Can the VA pull off its ‘monumental’ bid to end veteran homelessness?


For Denis McDonough, like generations of Veterans Affairs secretaries before him, homelessness among U.S. military veterans remains a confounding stain on America’s promise.

“The American people expect that there not be homeless veterans. The bigger problem for us is going to be if we fail, which is why I’m not going to let us fail,” McDonough told ABC News in an exclusive interview marking one year after being confirmed to the job.

While the number of homeless vets has dropped by more than half over the last decade, an estimated 20,000 ex-service members are still without permanent housing on any given night, according to figures released this month by the Department of Housing and Urban Development.

McDonough believes the VA and an alliance of private developers and nonprofit groups could be on the cusp of significantly reducing the number even further, starting in Los Angeles, California, which has more homeless veterans — an estimated 3,900 — than anywhere in the country.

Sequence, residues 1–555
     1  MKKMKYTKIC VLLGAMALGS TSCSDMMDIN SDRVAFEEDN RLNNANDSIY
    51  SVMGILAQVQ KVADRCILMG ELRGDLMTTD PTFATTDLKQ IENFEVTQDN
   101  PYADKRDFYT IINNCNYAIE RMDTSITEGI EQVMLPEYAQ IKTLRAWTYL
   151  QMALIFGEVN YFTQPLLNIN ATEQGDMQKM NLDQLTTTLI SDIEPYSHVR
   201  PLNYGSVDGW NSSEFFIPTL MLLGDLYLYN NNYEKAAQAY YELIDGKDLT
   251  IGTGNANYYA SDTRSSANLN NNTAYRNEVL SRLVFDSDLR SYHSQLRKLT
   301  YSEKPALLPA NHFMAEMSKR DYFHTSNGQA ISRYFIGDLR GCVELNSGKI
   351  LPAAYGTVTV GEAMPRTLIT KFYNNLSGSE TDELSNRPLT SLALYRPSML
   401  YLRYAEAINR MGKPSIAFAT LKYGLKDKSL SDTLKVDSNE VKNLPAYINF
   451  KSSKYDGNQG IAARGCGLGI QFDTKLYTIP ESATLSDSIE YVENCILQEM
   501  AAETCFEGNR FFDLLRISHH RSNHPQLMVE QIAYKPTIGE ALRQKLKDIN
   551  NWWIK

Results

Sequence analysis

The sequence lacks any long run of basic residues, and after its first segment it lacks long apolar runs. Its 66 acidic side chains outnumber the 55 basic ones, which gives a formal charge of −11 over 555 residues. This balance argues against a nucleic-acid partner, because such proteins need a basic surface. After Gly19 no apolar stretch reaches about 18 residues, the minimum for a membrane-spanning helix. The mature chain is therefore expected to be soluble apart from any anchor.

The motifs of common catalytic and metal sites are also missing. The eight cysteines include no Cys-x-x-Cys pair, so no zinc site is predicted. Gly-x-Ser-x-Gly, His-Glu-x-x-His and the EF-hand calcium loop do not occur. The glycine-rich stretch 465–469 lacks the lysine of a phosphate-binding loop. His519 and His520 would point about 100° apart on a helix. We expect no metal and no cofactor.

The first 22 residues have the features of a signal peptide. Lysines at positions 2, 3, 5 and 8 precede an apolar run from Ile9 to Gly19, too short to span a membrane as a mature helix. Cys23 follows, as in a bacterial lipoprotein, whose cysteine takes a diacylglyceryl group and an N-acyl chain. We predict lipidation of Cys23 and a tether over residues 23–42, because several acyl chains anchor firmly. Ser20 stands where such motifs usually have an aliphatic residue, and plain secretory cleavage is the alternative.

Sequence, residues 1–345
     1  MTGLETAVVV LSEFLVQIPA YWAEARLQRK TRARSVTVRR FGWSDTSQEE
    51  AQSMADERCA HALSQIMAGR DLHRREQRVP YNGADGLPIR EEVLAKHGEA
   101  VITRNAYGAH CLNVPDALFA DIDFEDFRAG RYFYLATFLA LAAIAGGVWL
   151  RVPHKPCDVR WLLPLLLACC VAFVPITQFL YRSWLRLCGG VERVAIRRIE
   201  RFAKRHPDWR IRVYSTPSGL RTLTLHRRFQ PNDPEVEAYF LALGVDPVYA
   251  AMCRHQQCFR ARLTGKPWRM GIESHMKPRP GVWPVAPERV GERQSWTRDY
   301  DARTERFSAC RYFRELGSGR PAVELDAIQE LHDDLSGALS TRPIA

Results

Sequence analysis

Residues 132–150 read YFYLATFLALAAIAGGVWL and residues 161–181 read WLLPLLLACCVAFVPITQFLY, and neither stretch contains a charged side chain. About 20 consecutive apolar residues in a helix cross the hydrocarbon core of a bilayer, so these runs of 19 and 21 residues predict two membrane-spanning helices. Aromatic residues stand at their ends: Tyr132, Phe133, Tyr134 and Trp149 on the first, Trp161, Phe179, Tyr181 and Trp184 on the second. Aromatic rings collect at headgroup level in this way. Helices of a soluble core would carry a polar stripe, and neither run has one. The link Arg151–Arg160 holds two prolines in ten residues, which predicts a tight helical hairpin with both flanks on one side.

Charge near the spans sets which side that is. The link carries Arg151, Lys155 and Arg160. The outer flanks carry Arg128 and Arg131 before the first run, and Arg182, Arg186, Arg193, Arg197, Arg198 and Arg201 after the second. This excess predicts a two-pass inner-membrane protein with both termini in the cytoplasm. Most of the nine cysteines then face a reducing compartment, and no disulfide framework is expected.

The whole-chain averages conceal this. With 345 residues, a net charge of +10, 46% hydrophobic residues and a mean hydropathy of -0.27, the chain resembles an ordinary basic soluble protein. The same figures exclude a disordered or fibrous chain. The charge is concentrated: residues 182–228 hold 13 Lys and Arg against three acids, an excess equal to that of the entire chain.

“We really think that we can supercharge this effort so we can show the country that this is doable there,” McDonough said. “We can then use that momentum to get it done everywhere else.”

The West LA VA campus, a sweeping 388-acre plot set just to the west of Beverly Hills and UCLA — some of the government’s most valuable real estate — is in the midst of an ambitious transformation to house a community of more than 1,200 veterans in permanent apartment homes.

First set into motion in 2015, it is the largest veterans housing project in the country.

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